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Federal Reserve Chairman Ben S. Bernanke said the central bank may start dialing down its unprecedented bond-buying program this year and end it entirely in mid-2014 if the economy finally achieves the sustainable growth the Fed has sought since the recession ended in 2009.
The Federal Open Market Committee today left the monthly pace of bond purchases unchanged at $85 billion, while saying that “downside risks to the outlook for the economy and the labor market” have diminished. Policy makers raised their growth forecasts for next year to a range of 3 percent to 3.5 percent and reduced their outlook for unemployment to as low as 6.5 percent.
“If the incoming data are broadly consistent with this forecast, the committee currently anticipates that it would be appropriate to moderate the pace of purchases later this year,” Bernanke said in a press conference in Washington. If later reports meet the Fed’s expectations, “we will continue to reduce the pace of purchases in measured steps through the first half of next year, ending purchases around mid-year.”
Stocks and Treasuries slid as Bernanke’s comments raised the prospect of an end to the quantitative easing that has fueled a rally in financial markets and helped keep the world’s largest economy expanding in the face of federal budget cuts, a slowdown in China and a recession in the euro area.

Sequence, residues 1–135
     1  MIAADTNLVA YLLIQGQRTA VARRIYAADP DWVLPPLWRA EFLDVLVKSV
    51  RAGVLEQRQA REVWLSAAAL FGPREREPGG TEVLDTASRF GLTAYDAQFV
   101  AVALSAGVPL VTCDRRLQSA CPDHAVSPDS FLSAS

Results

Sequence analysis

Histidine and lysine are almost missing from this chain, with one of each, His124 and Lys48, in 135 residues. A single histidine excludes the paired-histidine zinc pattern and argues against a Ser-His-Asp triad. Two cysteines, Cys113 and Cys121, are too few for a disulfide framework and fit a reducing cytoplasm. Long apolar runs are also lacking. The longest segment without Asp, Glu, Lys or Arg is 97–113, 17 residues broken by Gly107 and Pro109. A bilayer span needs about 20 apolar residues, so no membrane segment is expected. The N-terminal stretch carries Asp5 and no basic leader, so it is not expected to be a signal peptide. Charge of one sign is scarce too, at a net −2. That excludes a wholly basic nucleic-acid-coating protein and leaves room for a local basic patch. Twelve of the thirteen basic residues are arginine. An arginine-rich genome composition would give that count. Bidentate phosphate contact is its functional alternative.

“The Fed is out of the closet,” said Ward McCarthy, chief financial economist at Jefferies Group LLC in New York and a former Richmond Fed economist. “They expect to end these QE purchases. Bernanke wasn’t more specific than later this year, but connecting all the dots suggests he is thinking in the fourth quarter.”
The Standard & Poor’s 500 Index declined 1.4 percent to 1,628.93. The yield on the 10-year Treasury note jumped to 2.36 percent, the highest since March 2012, from 2.19 percent late yesterday.
Still, Bernanke tried to temper his message by saying that the Fed has “no deterministic or fixed plan” to end asset purchases.
“If you draw the conclusion that I just said that our policies — that our purchases will end in the middle of next year, you’ve drawn the wrong conclusion, because our purchases are tied to what happens in the economy,” he said. “If the economy does not improve along the lines that we expect, we will provide additional support.”
Bernanke is expanding the Fed’s balance sheet toward $4 trillion as he seeks to reduce a jobless rate that stands at 7.6 percent after four years of economic growth. The Fed’s open-ended purchases, started last September and expanded in December, are unprecedented. In two previous rounds, it specified total purchases in advance.